Not knowing what is wrong with a sick child is heartbreaking.
Two area families have dealt with illnesses associated with mosquito-borne diseases and have struggled to find out what was wrong with their children. They hope their stories will help others in the future.
Gary and Julie Schutte's son Chase, 6, "is a very active boy," says his mother. "He loves playing baseball and soccer, and he's always outside riding his bike or four-wheeler and enjoys camping. He also enjoys adventuring into the woods and looks forward to going hunting when he gets older.
"In July ... after three days of Chase complaining of headaches and leading into vomiting, fever and not eating, we went to the local doctor .... Then we were in and out of Cincinnati Children’s Hospital Medical Center three times before finally being admitted."
Since doctors had not diagnosed his condition yet, the Sunman boy was put on antibiotics right away and testing began. All tests kept coming back negative, so he stayed on an antibiotic for four days before getting released. Children’s had sent out his remaining blood and spinal fluid for further testing. A week later, they called us with the results – positive for California encephalitis.
"With Chase being so active and always outdoors, we are not aware of exactly where he was in contact with the mosquito-borne illness. He spends most of his time in Ripley and Decatur counties. We are fortunate that he does not need to take any further medications, and he appears to be back in good health with no side effects. I have met other families who were not as fortunate, so we are very blessed to have our healthy son back," Schutte reveals.
"We hear every day through the media to use insect repellent. I cannot express this enough on how important this is. I don’t go anywhere without it, and I spray even when I don’t think it’s necessary. Education has improved just in the past few months on vector-borne illnesses, and I hope this continues."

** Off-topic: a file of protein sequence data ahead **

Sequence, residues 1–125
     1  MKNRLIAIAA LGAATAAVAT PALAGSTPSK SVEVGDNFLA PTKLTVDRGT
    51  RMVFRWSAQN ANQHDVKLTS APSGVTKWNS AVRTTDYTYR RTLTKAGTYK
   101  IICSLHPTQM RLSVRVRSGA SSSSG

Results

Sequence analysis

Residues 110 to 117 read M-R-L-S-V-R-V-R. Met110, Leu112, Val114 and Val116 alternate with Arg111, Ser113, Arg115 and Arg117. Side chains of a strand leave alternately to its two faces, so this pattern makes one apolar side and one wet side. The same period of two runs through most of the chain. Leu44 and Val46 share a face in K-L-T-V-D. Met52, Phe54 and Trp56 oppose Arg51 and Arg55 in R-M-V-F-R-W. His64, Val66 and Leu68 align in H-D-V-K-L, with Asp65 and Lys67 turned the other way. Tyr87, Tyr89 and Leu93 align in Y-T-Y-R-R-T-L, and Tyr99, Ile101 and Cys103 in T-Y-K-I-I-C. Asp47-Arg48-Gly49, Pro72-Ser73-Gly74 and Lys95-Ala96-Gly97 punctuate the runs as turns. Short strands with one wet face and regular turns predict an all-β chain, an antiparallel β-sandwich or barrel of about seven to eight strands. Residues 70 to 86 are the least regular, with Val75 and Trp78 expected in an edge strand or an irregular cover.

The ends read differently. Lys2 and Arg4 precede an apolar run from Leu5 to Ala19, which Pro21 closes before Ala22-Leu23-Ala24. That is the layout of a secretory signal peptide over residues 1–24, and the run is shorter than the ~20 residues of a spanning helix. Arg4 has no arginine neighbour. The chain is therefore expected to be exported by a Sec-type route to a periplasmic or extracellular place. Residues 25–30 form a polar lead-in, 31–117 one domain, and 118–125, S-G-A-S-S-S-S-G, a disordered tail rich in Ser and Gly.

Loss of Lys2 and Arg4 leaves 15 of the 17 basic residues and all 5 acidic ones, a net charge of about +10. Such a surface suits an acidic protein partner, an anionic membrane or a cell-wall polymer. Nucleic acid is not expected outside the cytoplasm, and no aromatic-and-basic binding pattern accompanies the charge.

She points out, "It is very frustrating as a parent to be seen by several doctors and not get answers. Don’t go home or give up. Fight for your loved ones."
Olivia Youngman, daughter of Joe and Deanna Youngman, Osgood, who has two older siblings, Shane and Adriana, was also diagnosed with California encephalitis.
Prior to being infected, "Olivia was very outgoing, funny, a good athlete and was able to complete her studies with ease. She enjoyed basketball and softball," says her mother.
In 2012, at the age of 11, she started showing symptoms, which included migraine headaches, severe fatigue, leg and back pain, visual disturbances and weight loss. It took about two-and-a-half weeks for physicians to determine what was causing her illness, her mother reports.
At first, she didn't receive any treatment, "but about six months later, they (doctors) discovered she had brain damage. She then became epileptic and was treated for seizures and chronic migraines. In 2015, she underwent brain surgery to remove the damaged areas, a portion of her right temporal lobe and her whole right hippocampus. She still suffers short- and long-term memory loss, struggles with learning and things that involve 'executive function' and depression."
Youngman, Margaret Mary Health's infection prevention coordinator, notes, "A virus from a mosquito bite was not the first or 10th thing that anyone thought about that could be causing her illness, but I knew something was wrong and felt helpless and frustrated. I just want others to be aware that this is something that is becoming more common in our area and to be aware of the signs and symptoms, so you can be an advocate for your loved one.
"Olivia’s illness was caused by a mosquito, but there are illnesses caused by ticks, also. These illnesses have no rhyme or reason. One child can recover 100 percent, another can recover, but suffer lifelong deficits, while another child may die from it.
"You can find information on how to prevent these diseases on the CDC (Centers for Disease Control and Prevention) website, and through the local health department."
Diane Raver can be contacted at firstname.lastname@example.org or 812-934-4343, Ext. 114.
Third in a three-part series
Part 1: Vector-borne diseases and symptoms, Oct. 6
Part 2: Reducing risks of becoming infected, Oct. 10